Tanya: Well, Chris, I’m so happy to have you on the show today. Chris: Hey. It’s good to be here. How are you?
Tanya: I’m doing good. Doing good. I’m really excited to introduce my listeners to you because I really enjoyed your book and love the way that you talk about productivity. Mindfulness is one of my very favorite words. It’s one that use all the time on the show. Your perspective about mindfulness, and using it to think about the way that we focus, definitely shape the content of your newest book Hyper Focus. Why is it that you think mindfulness is so important?
Chris: Well this is a book about managing our attention and it’s impossible to manage our attention without also practicing mindfulness. This is something that I uncovered along the way. If you poured through the book, you probably realize there’s a big notes section at the end with all the research studies that I uncovered. That was really the place that I started. I think if you start with the science and work backwards to how we should be living our lives, and working frankly, it’s really productivity, I think it’s weird we put productivity in the names of our books. You have productivity in the name of your show and what people think of when they hear the word so often is this idea that’s so cold and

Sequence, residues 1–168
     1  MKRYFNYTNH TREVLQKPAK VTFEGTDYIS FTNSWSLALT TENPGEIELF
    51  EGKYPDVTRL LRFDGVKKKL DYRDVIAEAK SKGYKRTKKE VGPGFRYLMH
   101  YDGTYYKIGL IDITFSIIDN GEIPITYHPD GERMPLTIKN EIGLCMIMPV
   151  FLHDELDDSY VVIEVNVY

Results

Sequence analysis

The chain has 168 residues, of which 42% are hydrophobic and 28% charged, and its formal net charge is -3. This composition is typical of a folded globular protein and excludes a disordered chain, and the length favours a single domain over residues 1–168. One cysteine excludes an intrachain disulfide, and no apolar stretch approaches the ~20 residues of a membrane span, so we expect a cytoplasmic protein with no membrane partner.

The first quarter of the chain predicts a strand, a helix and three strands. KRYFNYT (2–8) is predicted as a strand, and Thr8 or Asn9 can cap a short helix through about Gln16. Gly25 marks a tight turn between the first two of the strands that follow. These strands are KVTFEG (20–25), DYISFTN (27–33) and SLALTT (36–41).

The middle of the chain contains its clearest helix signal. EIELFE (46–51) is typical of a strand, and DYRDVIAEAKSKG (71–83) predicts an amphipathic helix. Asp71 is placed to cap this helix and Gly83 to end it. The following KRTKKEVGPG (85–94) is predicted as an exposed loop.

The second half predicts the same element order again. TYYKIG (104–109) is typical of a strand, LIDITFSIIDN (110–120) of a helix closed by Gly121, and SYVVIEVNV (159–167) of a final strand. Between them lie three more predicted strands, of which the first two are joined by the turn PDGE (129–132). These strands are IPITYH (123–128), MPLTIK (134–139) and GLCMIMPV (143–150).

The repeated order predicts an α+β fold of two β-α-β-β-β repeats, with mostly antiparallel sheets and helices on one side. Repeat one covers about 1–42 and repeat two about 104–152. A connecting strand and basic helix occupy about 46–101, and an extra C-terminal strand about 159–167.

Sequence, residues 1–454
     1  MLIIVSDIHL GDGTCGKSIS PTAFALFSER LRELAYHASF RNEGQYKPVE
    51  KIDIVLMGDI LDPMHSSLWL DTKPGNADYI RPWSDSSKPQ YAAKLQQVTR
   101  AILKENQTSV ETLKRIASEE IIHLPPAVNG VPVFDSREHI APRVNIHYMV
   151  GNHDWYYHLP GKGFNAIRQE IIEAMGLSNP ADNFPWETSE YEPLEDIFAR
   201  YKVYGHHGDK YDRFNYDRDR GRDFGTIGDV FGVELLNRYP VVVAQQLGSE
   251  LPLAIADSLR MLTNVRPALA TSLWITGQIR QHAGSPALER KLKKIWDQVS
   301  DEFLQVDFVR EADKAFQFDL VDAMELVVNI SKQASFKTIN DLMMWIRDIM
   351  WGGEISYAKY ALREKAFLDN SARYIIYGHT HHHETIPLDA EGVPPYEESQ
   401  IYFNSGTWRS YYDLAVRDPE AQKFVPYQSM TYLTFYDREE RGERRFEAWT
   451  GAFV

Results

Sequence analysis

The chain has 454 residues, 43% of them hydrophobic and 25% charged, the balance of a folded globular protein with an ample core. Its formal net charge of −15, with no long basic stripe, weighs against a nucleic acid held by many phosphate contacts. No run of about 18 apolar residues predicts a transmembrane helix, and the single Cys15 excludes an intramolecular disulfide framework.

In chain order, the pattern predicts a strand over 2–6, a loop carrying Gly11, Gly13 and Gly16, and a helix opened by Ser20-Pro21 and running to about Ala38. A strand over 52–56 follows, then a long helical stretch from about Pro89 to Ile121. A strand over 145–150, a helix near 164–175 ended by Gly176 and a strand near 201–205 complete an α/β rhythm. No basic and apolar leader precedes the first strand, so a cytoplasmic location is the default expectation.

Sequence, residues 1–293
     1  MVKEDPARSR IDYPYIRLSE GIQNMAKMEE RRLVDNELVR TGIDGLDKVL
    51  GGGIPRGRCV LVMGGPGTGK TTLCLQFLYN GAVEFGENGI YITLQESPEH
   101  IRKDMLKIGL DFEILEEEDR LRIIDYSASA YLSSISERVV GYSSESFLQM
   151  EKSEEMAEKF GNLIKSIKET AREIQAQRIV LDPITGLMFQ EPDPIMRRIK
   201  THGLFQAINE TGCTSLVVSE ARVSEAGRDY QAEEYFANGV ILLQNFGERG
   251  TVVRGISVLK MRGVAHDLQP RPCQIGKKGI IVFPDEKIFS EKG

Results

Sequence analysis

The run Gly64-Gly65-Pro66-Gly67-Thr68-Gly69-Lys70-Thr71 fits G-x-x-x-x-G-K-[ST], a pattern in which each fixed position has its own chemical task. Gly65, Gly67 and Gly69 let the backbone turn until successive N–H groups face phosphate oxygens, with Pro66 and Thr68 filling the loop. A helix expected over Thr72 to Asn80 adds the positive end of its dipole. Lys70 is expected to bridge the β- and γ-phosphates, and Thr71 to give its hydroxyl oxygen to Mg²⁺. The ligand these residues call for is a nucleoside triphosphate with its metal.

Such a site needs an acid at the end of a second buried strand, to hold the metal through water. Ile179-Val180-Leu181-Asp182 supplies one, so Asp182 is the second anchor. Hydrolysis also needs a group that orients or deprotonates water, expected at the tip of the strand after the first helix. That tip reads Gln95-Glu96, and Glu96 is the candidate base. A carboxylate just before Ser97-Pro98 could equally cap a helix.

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things actually mean. It’s really just accomplishing what we set out to do.